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Zurich Insurance has extended its deal with CSC to the new merged entity the services company created with HPE’s services arm, known as DXC Technology.
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Originally signed in 2009 with CSC, the extension with DXC Technology will last until 2022.
Under the agreement, CSC and DXC will provide services to support Zurich Insurance as focuses on digitisation. This is part of Zurich’s aim to build a datacentre infrastructure to support a digital transformation.
DXC will supply a private cloud as a managed service, along with integration services for Zurich’s use of public cloud to enable the insurer to use services from multiple cloud-based software suppliers.
“We want to offer our customers innovative, convenient products and services quickly and cost-effectively,” said Thomas Kropp, group chief IT services officer at Zurich Insurance. “Our decision to extend the contract with DXC signals our ongoing pledge to invest in the agility and modernisation of our systems for our customers.”
The contract will include support for Zurich replacing legacy IT systems with digital platforms, which will include DXC removing as much on-premise hardware as possible.
The insurer will move systems to DXC’s hyper-converged private cloud.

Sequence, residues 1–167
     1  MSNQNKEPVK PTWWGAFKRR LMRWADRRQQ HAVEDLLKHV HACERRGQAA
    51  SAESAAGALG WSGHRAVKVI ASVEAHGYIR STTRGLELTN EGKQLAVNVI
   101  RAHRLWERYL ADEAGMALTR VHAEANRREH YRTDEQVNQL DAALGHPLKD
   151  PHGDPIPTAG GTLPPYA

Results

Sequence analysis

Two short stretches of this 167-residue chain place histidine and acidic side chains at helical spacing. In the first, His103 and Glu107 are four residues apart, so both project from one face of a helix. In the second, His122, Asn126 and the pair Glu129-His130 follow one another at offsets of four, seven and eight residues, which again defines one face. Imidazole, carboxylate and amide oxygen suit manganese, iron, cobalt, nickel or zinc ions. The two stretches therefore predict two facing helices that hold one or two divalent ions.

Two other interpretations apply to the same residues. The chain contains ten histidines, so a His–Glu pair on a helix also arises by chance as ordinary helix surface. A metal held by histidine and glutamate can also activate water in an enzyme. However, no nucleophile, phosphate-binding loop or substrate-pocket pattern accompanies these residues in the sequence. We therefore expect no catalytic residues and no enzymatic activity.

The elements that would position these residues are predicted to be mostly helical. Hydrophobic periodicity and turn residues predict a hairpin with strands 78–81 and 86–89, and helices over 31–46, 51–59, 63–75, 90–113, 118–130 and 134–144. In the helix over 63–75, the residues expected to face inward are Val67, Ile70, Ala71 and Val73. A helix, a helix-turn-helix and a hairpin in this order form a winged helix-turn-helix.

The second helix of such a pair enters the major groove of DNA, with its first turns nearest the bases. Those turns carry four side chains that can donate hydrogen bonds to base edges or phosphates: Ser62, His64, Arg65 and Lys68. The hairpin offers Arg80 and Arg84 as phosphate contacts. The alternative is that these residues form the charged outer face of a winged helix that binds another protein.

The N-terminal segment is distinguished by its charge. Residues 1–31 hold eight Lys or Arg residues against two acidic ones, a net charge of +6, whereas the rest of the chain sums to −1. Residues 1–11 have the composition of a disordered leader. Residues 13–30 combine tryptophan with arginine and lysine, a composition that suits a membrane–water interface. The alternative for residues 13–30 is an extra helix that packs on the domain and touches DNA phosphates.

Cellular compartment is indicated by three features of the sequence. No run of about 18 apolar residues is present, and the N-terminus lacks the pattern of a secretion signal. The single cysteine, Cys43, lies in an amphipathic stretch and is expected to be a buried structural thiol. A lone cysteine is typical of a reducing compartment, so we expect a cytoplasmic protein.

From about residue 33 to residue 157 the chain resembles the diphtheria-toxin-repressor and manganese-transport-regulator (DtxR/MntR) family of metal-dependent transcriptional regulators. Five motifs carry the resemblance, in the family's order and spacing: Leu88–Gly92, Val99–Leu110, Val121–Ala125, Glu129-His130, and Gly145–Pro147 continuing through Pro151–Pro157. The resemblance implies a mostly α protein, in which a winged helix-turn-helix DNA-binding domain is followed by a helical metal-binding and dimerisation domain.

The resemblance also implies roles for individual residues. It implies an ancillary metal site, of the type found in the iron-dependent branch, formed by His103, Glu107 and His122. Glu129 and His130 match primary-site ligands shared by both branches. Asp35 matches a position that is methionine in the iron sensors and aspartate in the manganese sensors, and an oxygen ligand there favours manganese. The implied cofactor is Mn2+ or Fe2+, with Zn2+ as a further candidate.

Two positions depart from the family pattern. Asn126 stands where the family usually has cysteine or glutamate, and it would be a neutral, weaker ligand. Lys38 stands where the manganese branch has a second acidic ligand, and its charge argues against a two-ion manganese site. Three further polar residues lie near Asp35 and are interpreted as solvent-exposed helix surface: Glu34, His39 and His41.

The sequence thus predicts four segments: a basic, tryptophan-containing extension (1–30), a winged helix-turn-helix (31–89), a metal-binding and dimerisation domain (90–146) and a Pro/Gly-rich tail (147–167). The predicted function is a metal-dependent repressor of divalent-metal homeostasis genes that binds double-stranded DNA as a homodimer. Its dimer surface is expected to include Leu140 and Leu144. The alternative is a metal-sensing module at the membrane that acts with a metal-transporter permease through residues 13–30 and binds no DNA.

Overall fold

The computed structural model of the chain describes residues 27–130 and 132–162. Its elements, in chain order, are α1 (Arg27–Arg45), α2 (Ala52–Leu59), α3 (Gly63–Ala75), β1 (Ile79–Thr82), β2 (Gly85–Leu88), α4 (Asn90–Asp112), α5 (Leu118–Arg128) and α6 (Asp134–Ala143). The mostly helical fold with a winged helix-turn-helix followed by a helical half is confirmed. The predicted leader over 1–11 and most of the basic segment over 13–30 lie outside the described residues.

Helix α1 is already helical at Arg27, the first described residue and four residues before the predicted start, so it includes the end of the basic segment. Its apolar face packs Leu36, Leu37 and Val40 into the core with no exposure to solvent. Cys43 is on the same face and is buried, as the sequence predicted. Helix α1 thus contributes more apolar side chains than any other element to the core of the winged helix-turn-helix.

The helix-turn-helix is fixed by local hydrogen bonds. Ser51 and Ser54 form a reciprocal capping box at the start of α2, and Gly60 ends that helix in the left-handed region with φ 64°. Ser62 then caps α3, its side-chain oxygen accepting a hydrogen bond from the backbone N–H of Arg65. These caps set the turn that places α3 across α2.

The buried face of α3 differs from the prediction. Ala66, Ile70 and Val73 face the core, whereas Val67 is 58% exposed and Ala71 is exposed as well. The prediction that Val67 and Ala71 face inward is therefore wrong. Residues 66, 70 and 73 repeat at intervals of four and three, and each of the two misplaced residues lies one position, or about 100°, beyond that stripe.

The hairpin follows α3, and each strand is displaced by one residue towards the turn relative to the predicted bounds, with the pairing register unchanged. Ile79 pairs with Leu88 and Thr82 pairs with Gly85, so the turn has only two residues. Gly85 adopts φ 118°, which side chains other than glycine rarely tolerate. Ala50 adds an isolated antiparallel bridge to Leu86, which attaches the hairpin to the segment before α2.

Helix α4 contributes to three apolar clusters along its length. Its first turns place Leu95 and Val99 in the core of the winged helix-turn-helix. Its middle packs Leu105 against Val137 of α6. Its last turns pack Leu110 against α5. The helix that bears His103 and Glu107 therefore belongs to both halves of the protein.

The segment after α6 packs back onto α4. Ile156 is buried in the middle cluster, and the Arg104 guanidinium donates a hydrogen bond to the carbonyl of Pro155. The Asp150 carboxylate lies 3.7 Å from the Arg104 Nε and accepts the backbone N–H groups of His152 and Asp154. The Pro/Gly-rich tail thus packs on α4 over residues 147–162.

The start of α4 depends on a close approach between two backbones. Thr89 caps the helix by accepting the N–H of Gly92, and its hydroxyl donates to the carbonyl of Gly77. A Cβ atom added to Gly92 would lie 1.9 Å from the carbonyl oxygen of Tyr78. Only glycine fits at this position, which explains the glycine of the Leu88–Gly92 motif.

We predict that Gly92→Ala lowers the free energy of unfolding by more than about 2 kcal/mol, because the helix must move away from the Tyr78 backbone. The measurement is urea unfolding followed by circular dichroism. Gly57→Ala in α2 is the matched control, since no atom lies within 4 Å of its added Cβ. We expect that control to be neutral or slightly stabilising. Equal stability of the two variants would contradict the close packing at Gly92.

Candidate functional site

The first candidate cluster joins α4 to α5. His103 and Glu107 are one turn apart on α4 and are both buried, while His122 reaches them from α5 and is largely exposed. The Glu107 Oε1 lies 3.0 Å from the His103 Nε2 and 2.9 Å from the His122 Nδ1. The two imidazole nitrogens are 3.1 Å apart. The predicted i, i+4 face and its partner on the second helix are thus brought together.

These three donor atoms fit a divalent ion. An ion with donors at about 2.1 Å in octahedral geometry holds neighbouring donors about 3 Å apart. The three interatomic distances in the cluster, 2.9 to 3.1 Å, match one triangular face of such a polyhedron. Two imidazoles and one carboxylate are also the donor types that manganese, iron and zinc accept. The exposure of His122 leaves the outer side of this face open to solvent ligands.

DXC is the result of a merger between US IT services player CSC and HP’s IT services arm in April this year.
Both companies have struggled to grow in the same way as competitors such as the Indian IT services firms, but this deal shows confidence from large corporates.
HP has struggled recently in IT services. In 2008, it paid $13.9bn for IT outsourcing pioneer EDS, but a few years later the value of this acquisition was reduced by almost $9bn. In November 2015, it split into two separate companies – the printing and devices business HP Inc and enterprise-focused organisation HPE.
CSC has also faced challenges. In May 2015, it split its business to form CSC US Public Sector and CSC Global Commercial, with the latter focusing on enterprise and non-US public sector sales. This was seen as a strategy to make the company easier to digest for any potential purchaser, or easier to manage during a merger.